Moreover, don’t be fooled when a CNN, or some other outlet, points to its “green” coverage in order to underscore a continuing science journalism commitment. Environment and energy issues appear (at least to me) to be growing in attention and interest, but covering them alone is no substitute for full-fledged science coverage, any more than medical coverage or tech coverage are a substitute.
Science journalism should cover important developments in knowledge, where science is taking us, how science education and funding trends affect the competitiveness of the nation, science policy, and much else. Not only does science touch virtually every aspect of Americans’ lives—from health to economics to the Internet—but the federal government finances an enormous amount of research and development with taxpayer dollars. This year, that amount was more than $142 billion. Informed citizens deserve to understand more about what they’re getting from that investment. Medical, tech, and environmental coverage, though they may draw on science, rarely get into such areas.
Science journalism, at its best, should also be a vehicle for making ongoing advances in science relevant to non-scientist members of the public. Personalized medicine, designer babies, space militarization, geoengineering, brain-computer interfaces…how far away are such advances, and how will they affect people’s lives? Science journalism should put such questions on everyone’s radar, and then provide the best possible answers. It should help us forecast the future—and prepare us for it. Without such forward-looking journalism, we run a grave risk of not seeing what’s coming until it’s too late.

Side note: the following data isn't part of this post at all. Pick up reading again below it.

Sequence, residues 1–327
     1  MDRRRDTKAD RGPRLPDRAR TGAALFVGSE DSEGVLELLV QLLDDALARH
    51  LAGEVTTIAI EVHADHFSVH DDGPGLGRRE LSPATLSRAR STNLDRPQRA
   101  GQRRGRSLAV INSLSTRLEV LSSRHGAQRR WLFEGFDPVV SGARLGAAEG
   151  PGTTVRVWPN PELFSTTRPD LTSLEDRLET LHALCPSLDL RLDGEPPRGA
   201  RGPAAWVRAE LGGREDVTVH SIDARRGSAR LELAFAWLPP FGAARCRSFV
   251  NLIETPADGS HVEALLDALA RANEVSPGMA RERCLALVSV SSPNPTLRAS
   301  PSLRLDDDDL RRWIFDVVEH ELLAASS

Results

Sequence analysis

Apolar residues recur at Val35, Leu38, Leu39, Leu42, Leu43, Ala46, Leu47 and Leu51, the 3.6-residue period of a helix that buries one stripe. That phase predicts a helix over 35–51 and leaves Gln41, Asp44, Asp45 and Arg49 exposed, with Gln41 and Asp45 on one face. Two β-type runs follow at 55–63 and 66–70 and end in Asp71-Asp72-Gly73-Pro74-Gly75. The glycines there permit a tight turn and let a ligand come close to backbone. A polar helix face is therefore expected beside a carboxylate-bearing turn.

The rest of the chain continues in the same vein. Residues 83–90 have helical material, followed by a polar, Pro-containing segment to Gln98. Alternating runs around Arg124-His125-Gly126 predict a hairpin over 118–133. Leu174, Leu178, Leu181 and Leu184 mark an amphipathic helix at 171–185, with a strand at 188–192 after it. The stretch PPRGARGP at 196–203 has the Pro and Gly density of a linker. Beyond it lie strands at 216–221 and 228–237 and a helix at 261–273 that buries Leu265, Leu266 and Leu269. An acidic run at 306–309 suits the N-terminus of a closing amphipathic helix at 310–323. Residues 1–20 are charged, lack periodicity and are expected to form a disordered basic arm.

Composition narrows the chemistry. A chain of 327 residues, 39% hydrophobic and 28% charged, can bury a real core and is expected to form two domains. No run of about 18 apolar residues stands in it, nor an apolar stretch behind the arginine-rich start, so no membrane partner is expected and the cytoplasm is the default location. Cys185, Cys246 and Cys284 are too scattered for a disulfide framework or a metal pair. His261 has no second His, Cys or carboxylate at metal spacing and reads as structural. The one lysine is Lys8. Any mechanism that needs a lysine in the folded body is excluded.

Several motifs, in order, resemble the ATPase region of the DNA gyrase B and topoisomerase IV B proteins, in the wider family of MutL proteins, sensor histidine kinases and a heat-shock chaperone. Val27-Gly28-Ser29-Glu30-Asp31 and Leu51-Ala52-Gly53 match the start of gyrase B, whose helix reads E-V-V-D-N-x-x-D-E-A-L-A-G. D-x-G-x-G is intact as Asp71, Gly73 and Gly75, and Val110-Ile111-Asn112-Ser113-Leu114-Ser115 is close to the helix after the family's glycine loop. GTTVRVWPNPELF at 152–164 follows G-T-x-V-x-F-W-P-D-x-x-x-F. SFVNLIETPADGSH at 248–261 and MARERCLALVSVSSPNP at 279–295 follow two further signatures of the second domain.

So what can we do? We have two options. We can continue to watch the economic contraction in the media business (witness the recent bankruptcy of newspaper giant Tribune Co.) destroy science coverage, and wring our hands whenever the latest dire news comes in. Or, we can take action to turn the tide.
For my part, I can say that the folks who created the ScienceDebate2008 organization are eyeing declining science coverage in the media and wondering how we might try to stick our thumbs in the dam. We’re convinced that disinterest from the press was one of the key reasons that we couldn’t get the candidates to commit to a live, televised science policy debate. Moreover, we know that while we’ve already lost a painful amount of science journalism, there is more yet that can be saved. However, it may require science defenders to actively raise money, whether by small donations over the Internet or bigger philanthropic ventures.
The CNN move last week did trigger considerable ire in the science blogosphere, so now may be the time to rally ourselves. My hope is to be able to write more, soon, about precisely how we can do so to greatest effect. In the meantime, I am very open to suggestions.
Chris Mooney is contributing editor to Science Progress and author of several books, including The Republican War on Science and the forthcoming Unscientific America: How Scientific Illiteracy Threatens Our Future, co-authored by Sheril Kirshenbaum. He and Kirshenbaum blog at “The Intersection.”